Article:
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LDAP System Administration by Gerald Carter

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Chapter 4 presented LDAP searches as a means of verifying the correctness of your directory. That's obviously a very limited use of the search capability: a directory isn't much use if you can't search it. Given our limited goals in the previous chapter, we didn't do justice to the topic of search filters. It's now time to take a more thorough look at the topic of filters.[1]

In its commonly used form, an LDAP search filter has the following syntax:

( attribute 
               filterOperator 
               value )

The attribute is the actual name of the attribute type. The filterOperator is one of:

=

For equality matches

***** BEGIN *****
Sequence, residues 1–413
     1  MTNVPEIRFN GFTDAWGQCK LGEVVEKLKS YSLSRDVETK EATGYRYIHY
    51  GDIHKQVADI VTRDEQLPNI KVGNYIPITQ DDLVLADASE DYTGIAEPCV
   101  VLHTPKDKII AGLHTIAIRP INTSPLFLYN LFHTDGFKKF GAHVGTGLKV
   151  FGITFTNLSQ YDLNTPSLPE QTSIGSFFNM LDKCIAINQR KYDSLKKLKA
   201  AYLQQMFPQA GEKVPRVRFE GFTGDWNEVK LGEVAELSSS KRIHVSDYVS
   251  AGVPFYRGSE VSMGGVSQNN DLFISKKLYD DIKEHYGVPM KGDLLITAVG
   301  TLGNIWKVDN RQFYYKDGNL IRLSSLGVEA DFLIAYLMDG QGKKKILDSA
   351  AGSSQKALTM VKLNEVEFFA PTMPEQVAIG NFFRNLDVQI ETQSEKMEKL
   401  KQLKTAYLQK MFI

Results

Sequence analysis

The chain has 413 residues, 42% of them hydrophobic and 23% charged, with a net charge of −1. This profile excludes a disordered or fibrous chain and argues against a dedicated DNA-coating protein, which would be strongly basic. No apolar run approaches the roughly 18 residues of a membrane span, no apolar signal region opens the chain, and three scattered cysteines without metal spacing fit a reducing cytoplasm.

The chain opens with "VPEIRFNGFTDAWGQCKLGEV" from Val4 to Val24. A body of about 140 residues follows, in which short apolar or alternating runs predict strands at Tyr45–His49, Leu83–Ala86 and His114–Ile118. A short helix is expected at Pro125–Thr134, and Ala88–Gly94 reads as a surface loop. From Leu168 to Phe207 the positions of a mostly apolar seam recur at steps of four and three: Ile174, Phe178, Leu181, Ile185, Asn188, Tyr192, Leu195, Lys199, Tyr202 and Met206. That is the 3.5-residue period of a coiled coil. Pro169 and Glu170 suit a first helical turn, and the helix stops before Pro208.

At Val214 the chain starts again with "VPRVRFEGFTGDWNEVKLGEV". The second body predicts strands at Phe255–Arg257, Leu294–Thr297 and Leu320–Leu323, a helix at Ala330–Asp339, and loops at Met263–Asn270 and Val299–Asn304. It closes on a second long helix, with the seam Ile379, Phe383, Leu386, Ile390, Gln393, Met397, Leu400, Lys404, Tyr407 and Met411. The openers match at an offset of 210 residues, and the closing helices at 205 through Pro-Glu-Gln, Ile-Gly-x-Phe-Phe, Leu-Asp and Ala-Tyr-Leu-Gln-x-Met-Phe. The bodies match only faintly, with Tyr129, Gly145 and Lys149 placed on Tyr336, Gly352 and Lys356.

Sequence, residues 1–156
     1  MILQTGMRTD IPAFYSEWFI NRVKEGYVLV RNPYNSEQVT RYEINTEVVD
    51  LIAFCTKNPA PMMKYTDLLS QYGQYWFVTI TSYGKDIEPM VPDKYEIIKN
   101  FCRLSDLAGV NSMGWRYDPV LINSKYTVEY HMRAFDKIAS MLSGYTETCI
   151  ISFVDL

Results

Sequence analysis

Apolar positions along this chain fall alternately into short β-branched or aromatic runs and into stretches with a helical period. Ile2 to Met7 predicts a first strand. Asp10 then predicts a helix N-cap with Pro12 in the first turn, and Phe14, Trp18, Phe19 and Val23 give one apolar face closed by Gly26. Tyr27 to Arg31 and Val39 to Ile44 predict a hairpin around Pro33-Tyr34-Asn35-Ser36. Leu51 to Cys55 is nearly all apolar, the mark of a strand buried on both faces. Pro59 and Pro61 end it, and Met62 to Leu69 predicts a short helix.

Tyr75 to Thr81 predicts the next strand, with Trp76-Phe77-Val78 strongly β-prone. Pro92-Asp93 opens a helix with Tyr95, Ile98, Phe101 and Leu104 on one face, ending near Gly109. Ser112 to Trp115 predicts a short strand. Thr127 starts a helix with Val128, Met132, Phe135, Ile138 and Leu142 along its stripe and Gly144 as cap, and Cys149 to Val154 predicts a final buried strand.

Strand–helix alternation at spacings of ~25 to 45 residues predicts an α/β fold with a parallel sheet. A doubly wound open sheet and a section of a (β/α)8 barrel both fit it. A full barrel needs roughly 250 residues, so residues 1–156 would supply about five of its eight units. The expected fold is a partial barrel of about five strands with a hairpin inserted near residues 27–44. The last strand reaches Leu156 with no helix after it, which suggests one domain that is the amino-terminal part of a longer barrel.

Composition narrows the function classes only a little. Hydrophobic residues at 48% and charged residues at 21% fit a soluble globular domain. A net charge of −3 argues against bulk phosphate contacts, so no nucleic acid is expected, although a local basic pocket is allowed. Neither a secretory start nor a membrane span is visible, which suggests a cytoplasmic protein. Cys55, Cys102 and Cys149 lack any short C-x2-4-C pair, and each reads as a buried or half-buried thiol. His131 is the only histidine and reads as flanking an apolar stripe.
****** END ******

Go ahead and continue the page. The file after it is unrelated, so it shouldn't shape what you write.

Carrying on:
~=

For approximate matches

<=

For less than comparisons

>=

For greater than comparisons

If you deal only with string comparisons, you may only need the equality operator.

The value portion can be either an absolute value, such as carter or 555-1234, or a pattern using the asterisk (*) character as a wildcard. Here are some wildcard searches:

(cn=*carter)

Finds all entries whose cn attribute ends in "carter" (not just those with a last name of Carter)

(telephoneNumber=555*)

Finds all telephone numbers beginning with 555

You can combine single filters like these using the following Boolean operators:

&

Logical AND

|

Logical OR

!

Logical NOT

LDAP search filters use prefix notation for joining search conditions. Therefore, to search for users with a surname (sn) of "smith" or "jones," you can build the following filter:

(|(sn=smith)(sn=jones))

The sn attribute uses a case-insensitive ...

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